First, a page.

The Cultured Landscape
Designing the Environment in the 21st Century
Edited by Sheila Harvey, Ken Fieldhouse
Taylor & Francis – 2005 – 208 pages
This book poses important philosophical questions about the aims, values and purposes of landscape architecture. The editors, highly regarded in their field, have drawn together a distinguished team of writers who provide unique individual perspectives on contemporary themes from a wide base of knowledge. Altogether, this key international study raises awareness of the landscape and encourages innovative ways of thinking about quality in design.
'An ideal starting point for an understanding of the contemporary debates about the role which public landscapes now play in people's lives … the photographs are very helpful, and give a flavour of contemporary design and masterplanning issues.' –Green Places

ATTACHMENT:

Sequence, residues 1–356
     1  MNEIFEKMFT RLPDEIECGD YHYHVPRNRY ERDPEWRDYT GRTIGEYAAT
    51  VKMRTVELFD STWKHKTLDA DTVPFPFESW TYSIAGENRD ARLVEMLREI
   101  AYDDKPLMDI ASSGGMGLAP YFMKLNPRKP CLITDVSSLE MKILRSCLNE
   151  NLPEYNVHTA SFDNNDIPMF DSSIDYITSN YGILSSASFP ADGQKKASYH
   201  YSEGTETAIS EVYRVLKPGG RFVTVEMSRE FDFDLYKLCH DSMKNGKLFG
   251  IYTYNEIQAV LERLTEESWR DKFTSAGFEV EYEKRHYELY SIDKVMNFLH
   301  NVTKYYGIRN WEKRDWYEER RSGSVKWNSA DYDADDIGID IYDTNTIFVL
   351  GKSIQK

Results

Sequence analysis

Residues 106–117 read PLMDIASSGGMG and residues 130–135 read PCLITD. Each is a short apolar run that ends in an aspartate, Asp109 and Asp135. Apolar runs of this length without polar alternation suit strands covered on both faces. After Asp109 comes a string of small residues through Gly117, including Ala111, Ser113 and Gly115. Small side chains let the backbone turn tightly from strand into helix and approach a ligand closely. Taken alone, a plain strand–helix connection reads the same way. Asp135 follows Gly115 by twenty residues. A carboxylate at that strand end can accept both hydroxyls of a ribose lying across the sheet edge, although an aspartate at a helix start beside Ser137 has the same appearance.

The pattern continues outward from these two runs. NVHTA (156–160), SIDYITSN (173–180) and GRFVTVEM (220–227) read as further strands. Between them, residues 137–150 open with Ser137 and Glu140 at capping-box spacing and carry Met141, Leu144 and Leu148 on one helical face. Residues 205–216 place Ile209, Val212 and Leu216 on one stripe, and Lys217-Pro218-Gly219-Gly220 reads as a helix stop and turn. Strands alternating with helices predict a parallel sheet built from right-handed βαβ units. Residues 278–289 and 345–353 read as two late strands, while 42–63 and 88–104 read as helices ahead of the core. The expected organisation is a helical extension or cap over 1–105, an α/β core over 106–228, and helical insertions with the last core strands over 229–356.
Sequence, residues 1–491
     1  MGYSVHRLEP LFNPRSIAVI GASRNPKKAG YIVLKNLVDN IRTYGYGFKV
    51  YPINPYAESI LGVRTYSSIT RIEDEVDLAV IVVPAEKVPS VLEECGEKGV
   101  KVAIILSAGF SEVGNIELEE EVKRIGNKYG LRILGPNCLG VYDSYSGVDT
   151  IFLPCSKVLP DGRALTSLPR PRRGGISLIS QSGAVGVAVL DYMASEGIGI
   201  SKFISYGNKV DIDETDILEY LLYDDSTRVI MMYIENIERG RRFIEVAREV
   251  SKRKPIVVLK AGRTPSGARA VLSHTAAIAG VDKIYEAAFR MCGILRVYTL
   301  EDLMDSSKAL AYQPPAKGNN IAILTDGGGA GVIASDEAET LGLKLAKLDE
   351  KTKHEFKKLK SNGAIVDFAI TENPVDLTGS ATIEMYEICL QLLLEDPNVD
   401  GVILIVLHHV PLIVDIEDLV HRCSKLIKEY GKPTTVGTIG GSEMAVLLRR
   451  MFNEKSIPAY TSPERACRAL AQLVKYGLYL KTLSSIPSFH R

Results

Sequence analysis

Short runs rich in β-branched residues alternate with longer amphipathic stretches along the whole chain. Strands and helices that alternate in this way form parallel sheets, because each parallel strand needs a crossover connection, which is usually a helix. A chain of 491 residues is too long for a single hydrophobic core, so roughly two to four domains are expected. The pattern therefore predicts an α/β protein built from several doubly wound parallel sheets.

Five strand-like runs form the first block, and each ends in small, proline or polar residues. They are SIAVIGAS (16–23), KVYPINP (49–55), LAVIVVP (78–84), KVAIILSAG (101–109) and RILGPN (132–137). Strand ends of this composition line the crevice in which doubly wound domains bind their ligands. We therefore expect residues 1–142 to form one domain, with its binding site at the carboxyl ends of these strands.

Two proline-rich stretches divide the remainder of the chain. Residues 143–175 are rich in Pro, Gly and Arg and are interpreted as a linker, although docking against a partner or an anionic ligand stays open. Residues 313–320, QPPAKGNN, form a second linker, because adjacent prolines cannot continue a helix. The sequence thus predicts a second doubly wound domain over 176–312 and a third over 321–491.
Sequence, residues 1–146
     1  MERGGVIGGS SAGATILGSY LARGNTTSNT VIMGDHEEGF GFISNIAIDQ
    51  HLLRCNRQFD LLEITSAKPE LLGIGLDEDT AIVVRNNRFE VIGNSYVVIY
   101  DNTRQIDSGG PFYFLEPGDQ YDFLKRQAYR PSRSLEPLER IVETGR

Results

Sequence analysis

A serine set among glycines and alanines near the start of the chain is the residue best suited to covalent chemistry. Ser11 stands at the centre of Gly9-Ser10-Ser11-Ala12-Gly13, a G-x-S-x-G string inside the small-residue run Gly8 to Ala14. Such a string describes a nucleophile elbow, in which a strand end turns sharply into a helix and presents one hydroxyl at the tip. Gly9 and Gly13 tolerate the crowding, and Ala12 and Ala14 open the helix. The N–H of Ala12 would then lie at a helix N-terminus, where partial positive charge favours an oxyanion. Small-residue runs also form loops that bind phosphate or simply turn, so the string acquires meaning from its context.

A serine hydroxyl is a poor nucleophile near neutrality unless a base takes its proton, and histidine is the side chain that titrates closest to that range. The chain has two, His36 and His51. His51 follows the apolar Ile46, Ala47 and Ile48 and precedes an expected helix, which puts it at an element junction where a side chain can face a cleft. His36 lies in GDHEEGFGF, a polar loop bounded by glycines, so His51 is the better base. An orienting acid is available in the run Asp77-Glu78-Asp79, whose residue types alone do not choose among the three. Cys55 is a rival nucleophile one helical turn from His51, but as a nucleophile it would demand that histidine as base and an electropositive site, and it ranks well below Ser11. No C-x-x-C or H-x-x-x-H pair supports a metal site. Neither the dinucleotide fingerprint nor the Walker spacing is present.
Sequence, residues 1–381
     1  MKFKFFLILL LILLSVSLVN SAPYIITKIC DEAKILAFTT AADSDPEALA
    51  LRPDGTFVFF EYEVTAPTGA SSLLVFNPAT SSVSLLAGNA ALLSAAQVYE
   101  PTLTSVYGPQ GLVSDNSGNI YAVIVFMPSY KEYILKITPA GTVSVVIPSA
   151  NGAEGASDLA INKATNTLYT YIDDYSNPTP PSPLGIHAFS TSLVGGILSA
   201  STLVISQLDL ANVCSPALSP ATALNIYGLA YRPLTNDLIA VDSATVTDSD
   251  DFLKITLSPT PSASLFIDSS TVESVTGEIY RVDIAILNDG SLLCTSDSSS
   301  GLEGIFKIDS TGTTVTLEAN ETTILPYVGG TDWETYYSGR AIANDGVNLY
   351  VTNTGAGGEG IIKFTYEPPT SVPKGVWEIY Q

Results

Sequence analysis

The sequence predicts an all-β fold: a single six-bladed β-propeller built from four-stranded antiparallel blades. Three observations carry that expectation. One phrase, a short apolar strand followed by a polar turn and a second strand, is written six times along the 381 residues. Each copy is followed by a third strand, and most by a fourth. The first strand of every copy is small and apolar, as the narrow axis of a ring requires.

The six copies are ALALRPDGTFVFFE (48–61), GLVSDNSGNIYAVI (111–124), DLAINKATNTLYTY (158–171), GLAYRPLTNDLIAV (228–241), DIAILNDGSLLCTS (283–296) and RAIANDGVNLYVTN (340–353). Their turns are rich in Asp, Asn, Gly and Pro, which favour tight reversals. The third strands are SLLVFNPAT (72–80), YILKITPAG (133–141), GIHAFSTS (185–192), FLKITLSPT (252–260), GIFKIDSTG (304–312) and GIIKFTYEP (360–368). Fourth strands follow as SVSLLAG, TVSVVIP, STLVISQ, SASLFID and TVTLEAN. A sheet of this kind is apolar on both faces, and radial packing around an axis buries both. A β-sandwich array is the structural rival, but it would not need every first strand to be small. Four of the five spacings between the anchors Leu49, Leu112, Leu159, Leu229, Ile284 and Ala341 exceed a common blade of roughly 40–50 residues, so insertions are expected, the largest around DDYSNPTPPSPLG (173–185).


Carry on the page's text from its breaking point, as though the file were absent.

Foreword Alexander Garvin Introduction Sheila Harvey Part I: The Theoretical, Cultural, Philosophical Implications of Landscape 1. Landscape as a Way of Knowing the World Simon Swaffield 2. Music-Makers and the Dreamers of Dreams John Hopkins Part II: Design Context 3. Making Places Different Alan Tate 4. Designer, Client and User Martha Schwartz Part III: The Benefits of the Process and its Place in the Wider Environmental Agenda 5. Who Benefits from Landscape Architecture? Catharine Ward Thompson 6. The Environmental Agenda – A Personal View Merrick Denton-Thompson Part IV: The Search for a Creative Way Forward 7. The Future: Landscape Design in the 21st Century Peter Neal and John Hopkins